To get this app deployed and running, you'll need to have the following:

Momento Setup

Once you have a copy or fork of the Momento JavaScript SDK in your Git provider account, you're ready to configure the Momento side of things using the Momento console. You can create an account in the console by providing your email address or linking an existing Google or GitHub account. Once you've logged into the console, click the Create Cache button on the top right of the page:

Create Cache button

Create a cache called worker using AWS. Currently, the Momento HTTP API is supported only by AWS, but you can create the cache in any of the supported AWS regions.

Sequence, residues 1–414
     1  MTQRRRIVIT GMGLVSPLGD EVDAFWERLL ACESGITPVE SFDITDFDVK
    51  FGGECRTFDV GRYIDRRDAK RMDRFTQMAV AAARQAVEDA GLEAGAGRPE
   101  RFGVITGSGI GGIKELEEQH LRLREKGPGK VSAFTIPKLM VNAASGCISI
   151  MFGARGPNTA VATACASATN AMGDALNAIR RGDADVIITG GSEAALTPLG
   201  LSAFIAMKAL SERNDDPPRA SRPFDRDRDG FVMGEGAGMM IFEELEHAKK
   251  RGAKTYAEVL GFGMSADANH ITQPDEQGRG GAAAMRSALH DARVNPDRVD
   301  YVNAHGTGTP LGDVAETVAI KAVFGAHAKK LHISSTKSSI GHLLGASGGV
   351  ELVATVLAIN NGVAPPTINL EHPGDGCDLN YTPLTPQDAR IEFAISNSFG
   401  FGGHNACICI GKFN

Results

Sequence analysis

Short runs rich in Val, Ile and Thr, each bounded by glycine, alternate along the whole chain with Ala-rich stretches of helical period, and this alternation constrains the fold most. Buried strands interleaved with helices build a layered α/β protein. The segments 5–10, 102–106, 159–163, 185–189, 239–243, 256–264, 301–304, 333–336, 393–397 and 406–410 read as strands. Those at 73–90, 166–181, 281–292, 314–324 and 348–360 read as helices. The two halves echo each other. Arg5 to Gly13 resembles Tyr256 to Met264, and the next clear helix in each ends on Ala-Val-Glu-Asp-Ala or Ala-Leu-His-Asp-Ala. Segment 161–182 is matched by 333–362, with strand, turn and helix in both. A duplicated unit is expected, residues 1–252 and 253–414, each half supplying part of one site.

Create cache form

After pressing the Create button you'll see the new worker cache in the list of available caches.

New cache

Notice the region you created your cache in is also displayed in the list of caches. You'll need to make sure that you choose the same region when generating a Momento API Key in the next step.

Navigate to the tokens page, and choose the cloud provider and region you used to create your cache. Since the cache is already created, we will use a fine-grained token that will allow the worker to read from and write to the cache; but will not allow it to do control plane operations, such as creating or deleting a cache. This is especially helpful if you want to manage the security of control plane and data plane operations separately.